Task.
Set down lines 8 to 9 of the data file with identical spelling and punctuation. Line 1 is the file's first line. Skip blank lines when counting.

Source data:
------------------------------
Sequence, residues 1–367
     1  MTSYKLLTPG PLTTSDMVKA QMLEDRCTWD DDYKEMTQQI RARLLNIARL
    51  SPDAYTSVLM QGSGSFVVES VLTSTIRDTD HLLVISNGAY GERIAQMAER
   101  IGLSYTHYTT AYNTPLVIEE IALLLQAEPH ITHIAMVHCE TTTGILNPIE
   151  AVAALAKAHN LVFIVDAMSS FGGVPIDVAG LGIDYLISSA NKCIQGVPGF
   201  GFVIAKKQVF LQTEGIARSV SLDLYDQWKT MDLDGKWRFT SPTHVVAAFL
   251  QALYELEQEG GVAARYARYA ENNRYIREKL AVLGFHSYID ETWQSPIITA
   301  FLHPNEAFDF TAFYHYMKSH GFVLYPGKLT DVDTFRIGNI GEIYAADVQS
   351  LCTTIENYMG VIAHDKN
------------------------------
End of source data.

   301  FLHPNEAFDF TAFYHYMKSH GFVLYPGKLT DVDTFRIGNI GEIYAADVQS
   351  LCTTIENYMG VIAHDKN